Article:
Canadian Baby Might Be World's First To Have Gender-Free Official ID

The parent is currently in court.

Canada became home to what could be the world's first non-gender-specific identification card this week, thanks to Kori Doty.

Doty, a non-binary genderqueer trans person who uses the pronouns "they/them/their," gave birth to baby Searyl Atli at a friend's house in November 2016 in British Columbia, reports the CBC.

According to the Gender Free ID Coalition, of which Doty is a member, they set out to remove the gender classification from Searyl's birth certificate because they wanted at least one piece of identification that didn't include "an incorrect gender marker on it."

The B.C. government has thus far refused, as it requires a sex on the birth certificate. Changes to the Vital Statistics Act in 2014, however, do allow people to change their designation to their identified gender without surgery, the Government of B.C. website notes.

As CBC News reports, the province finally sent out a health card with a "U" in the sex category last month, so the baby would be able to access medical services.

Doty has been part of a judicial case against B.C.'s Vital Statistics Agency since 2013, which is based on the idea that assigning gender on birth certificates is discriminatory.

"The government knows that the current system of designating gender at birth for a document that follows you throughout life is predictably incorrect for many trans and intersex people," Doty said in a statement on their lawyer barbara findlay's website. "The government knows exactly how much hardship and danger these systems can cause in our lives. It is thoroughly disappointing that they are choosing to ignore this, while fully aware of the risk of harm that this choice leaves on those impacted."

As of January, Canadians have three options (male, female, and a third alternative) on documentation from Employment and Social Development Canada, which oversees social insurance numbers, thanks to findlay and trans activist Christin Milloy.

Christin Milloy, pictured here in 2014.
Christin Milloy, pictured here in 2014.

"You wouldn't be entitled to ask somebody's race, sexual orientation or religion — and gender is exactly the same," findlay told the Star at the time.

Seven countries around the world, including Australia, Pakistan, and Nepal, allow a third gender option on their passports, and Canada is said to be working towards that as well.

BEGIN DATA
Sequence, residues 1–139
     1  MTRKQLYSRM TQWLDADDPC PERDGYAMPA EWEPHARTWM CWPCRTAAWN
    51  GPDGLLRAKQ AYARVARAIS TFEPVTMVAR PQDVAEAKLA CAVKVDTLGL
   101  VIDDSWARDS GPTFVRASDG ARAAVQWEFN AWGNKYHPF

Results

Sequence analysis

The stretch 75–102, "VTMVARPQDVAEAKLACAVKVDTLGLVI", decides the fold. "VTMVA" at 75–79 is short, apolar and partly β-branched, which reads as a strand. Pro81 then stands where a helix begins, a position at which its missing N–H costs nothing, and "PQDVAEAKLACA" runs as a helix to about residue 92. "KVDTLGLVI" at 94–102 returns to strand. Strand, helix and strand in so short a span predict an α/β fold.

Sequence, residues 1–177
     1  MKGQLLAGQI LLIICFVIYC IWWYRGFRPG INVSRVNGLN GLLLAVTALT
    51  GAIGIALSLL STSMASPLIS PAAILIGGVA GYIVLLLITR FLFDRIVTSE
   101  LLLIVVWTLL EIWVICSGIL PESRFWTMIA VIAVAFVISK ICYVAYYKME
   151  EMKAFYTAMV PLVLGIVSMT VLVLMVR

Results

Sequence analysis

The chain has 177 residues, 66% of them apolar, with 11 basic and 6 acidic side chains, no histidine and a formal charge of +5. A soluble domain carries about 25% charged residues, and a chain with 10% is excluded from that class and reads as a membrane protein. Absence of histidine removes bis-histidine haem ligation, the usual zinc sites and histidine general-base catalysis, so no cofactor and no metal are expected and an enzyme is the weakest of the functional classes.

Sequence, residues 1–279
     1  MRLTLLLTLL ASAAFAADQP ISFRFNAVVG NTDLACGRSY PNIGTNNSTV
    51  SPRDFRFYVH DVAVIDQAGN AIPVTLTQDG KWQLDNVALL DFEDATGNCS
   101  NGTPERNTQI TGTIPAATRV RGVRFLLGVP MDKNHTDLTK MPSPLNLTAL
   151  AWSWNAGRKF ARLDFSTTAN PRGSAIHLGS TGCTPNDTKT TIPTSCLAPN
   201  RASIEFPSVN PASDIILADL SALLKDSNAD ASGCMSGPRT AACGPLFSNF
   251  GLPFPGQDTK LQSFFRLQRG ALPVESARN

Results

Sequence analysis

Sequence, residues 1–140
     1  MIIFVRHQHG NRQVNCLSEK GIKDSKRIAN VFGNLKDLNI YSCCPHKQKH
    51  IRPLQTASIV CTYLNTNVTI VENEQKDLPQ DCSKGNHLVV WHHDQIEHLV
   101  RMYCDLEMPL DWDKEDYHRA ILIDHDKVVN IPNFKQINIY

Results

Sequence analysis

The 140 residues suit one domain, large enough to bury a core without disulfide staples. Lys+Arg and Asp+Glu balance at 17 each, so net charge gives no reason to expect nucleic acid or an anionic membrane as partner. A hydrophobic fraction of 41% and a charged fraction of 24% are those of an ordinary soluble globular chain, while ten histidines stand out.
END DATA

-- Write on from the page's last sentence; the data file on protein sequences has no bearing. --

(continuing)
In a video interview on YouTube, meanwhile, Doty explains their philosophy when it comes to raising a child without gender.

"A lot of what we understand to play into gendered socialization like how men are supposed to be or how women are supposed to be starts really really early, oftentimes before a baby is even born," they say.

"The way I'm approaching gender with my baby Searle is basically I'm just leaving room for their self-determination of their gender to come through."

Elsewhere in Canada, others are also trying to remove gender from their identification.

A few years back, Toronto-born baby Storm became an international phenomenon when their parents chose not to reveal their gender for several years after birth so that the child could pick it themselves. HuffPost Canada spoke with the family in 2016, five years after the initial article. Father David Stocker noted that while society hasn't changed in general, it is opening itself up to new ideas.

Storm Stocker Witterick, 5, with father David Stocker, in 2016.
Storm Stocker Witterick, 5, with father David Stocker, in 2016.

"If you look at the fallout of all the discussions that took place, and the documentaries that were produced afterward, and the more engaged in-depth conversations, I think it was really valuable," he said.

"And to make [kids] aware, these are your rights in this province, in this country. Let's make sure you have the words to articulate that and express your experience and fight alongside everyone else here for your rights."